Occasionally we will welcome guest authors who have relevant and inspiring ideas to share. This week we are proud to bring you a post written by Patrick Spear, husband of our Sales and Marketing coordinator Lisa Spear.
Patrick is President and CEO of Identity Group, LLC. He has over two decades of sales and marketing experience in the consumer packaged goods industry, including seven years with the BIC Corporation, seven years with Rubbermaid Home Products, and five years with Mapa Spontex. He currently serves on the Board of Directors for GMDC (Global Market Development Center), and Smithson Craighead Education.
This I Believe
We’ve all heard it said that everything we need to know as adults we learned when we were kids, but I’m not sure that’s entirely true. As a parent, it’s become evident that some of the other things I need to know I’m learning from my kids.
Basic stuff, like appreciation for little things – really, how significant is a pack of gum? – and the magic of being nice. Granted, kids tend to learn these things from adults, but when we allow that reality to take a back seat to those moments of clarity and wonder that kids provide us, it opens up a window to a better life for us as adults.
Simply put, I believe in the redemptive power of two specific words; humility, and civility. I can’t count how many times I’ve heard the “Golden Rule”, and that everyone puts their pants on one leg at a time – which apparently is our great equalizer – but I know it’s been enough times that I’ve stopped “hearing” them. These quips have become boilerplate in my brain, but the two words that manifest these ideas are hard-wired into my conscience.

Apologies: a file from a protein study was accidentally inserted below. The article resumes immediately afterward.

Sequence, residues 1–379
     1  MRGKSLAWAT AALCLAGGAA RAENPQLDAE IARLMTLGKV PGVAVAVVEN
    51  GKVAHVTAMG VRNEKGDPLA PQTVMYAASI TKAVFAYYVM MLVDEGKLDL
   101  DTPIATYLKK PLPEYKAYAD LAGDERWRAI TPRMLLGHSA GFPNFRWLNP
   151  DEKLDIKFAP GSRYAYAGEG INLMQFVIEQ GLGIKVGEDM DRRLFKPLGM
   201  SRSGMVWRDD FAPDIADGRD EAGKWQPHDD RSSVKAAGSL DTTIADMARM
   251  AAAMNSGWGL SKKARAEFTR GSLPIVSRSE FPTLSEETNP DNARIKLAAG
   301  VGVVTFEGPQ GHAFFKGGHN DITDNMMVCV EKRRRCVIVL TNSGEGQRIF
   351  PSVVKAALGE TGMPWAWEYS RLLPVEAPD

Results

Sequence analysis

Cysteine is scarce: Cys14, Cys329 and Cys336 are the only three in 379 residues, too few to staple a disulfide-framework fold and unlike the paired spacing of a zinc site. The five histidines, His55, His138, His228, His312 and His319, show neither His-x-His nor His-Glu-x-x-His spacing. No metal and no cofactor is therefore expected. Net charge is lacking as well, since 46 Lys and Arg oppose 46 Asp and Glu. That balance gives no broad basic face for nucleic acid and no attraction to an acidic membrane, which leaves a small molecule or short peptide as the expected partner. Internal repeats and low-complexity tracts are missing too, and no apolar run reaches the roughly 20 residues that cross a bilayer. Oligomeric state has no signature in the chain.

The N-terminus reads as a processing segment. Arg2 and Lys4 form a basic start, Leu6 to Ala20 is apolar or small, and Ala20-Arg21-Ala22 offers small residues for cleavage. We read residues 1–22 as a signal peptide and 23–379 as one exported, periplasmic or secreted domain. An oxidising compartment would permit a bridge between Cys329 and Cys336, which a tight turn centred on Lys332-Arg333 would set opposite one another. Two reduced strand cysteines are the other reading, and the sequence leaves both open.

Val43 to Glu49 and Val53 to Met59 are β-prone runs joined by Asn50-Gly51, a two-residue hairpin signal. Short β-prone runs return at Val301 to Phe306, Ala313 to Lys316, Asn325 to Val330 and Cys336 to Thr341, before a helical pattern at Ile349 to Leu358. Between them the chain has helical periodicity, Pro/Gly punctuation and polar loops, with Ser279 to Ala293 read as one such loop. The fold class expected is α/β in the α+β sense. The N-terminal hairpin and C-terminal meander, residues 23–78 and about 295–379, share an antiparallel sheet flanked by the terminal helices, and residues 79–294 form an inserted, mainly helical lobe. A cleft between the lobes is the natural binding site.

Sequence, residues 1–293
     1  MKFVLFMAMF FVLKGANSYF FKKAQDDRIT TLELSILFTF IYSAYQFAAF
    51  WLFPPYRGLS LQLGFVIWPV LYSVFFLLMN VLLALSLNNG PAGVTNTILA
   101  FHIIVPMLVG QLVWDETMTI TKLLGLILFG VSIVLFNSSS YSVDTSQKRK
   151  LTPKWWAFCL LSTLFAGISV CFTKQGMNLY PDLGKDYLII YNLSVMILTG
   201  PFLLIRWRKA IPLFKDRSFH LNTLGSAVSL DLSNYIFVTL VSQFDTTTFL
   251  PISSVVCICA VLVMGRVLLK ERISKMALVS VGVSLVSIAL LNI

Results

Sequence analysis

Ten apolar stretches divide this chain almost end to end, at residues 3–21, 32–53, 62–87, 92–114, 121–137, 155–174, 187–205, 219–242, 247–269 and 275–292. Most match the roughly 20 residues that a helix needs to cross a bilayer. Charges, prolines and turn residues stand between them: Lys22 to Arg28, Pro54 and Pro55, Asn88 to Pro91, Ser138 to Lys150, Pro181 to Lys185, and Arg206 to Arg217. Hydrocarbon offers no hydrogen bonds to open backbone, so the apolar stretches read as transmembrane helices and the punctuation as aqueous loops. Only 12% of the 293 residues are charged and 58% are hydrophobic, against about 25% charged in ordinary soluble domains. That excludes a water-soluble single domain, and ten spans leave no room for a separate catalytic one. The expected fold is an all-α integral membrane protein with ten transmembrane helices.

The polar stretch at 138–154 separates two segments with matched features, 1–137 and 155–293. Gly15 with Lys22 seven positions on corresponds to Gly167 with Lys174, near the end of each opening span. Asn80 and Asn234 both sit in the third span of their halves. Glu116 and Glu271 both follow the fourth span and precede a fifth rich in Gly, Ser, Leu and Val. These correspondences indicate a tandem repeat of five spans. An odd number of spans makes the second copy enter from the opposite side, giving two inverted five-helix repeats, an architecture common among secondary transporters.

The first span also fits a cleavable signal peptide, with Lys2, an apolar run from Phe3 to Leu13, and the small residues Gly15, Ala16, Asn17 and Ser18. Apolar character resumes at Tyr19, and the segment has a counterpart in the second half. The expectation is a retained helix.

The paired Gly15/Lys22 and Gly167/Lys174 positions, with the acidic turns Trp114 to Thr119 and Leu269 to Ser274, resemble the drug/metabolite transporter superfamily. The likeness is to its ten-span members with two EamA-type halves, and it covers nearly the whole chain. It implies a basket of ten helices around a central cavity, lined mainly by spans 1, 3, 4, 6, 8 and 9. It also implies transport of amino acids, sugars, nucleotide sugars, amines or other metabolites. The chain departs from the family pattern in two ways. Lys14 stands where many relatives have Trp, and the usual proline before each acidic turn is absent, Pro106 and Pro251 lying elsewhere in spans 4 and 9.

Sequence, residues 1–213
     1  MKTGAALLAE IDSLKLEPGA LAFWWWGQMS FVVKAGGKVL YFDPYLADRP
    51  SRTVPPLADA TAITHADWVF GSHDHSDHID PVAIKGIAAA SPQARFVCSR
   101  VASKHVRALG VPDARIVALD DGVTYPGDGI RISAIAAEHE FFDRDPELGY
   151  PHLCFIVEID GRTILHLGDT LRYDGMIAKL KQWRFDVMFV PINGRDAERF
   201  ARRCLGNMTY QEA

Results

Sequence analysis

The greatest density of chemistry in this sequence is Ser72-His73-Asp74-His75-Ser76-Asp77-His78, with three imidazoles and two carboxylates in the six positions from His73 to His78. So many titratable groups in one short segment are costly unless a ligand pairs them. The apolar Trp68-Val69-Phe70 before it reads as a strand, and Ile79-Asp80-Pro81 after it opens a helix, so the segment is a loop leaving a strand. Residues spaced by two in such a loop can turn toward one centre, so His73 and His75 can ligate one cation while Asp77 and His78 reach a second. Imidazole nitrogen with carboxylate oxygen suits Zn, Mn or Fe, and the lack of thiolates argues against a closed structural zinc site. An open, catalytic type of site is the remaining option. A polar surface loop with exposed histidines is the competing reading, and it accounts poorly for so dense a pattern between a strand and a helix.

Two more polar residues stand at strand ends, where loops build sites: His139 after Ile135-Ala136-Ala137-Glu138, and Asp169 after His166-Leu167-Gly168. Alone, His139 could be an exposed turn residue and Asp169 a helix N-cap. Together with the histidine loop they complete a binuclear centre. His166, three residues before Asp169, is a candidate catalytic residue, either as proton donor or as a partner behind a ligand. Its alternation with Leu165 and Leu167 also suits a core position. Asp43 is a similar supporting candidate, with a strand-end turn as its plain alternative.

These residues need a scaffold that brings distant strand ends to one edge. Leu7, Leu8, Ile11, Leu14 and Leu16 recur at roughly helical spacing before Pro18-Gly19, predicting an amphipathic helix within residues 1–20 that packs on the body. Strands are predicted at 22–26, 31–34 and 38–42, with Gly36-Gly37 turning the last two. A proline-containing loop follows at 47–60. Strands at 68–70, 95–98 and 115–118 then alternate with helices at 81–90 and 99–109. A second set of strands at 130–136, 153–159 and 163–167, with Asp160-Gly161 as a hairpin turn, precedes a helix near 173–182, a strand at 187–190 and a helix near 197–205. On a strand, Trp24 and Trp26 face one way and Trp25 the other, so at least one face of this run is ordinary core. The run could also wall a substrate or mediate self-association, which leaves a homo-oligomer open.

In our time-impoverished, “sorry I’m late”, email-voicemail-overload world, these two words carry great meaning for me. Without humility, how do we reduce our stress, teach our kids it’s not all about them, and show gratitude for all the good things we experience, regardless of our station in life? One need not possess great wealth to experience great joy, and gratitude begets humility.
Similarly, civility enables a reduction in the “volume” that plagues our everyday lives. Our legal system, political culture, and blogosphere all project the idea that loud is good and rude is better. Threats and bluster trump civil deliberation seemingly every time, and it makes me wonder what the end-game is. How much corrosiveness in spirit from our vitriolic discourse can we take before our social fabric begins to unravel?
Fortunately, I believe that words/deeds can still prevail, and that we can all make a difference, one encounter at a time. Chivalry may be dead, but I still try to hold doors open for others, and I’m appreciative when it’s reciprocated. My wife and I tell our kids that “please”, “thank you” and “excuse me” are the words that matter, and that implies an obligation to use them ourselves. Its things like this that keeps my two guiding words top-of-mind, on a very short leash.
Call me idealistic, maybe naïve, but I believe in the transformative effect of simple things, that we don’t always need to succumb to the pressures foisted on us by a 24/7 world. In my mind, a little humility goes a long way, and civility, when properly exercised, can turn random encounters into day-brightening events. So I’ll keep putting my pants on, one leg at a time, and treating others like I want to be treated, even if I can’t “hear” those platitudes when they’re thrown my way. This, I believe.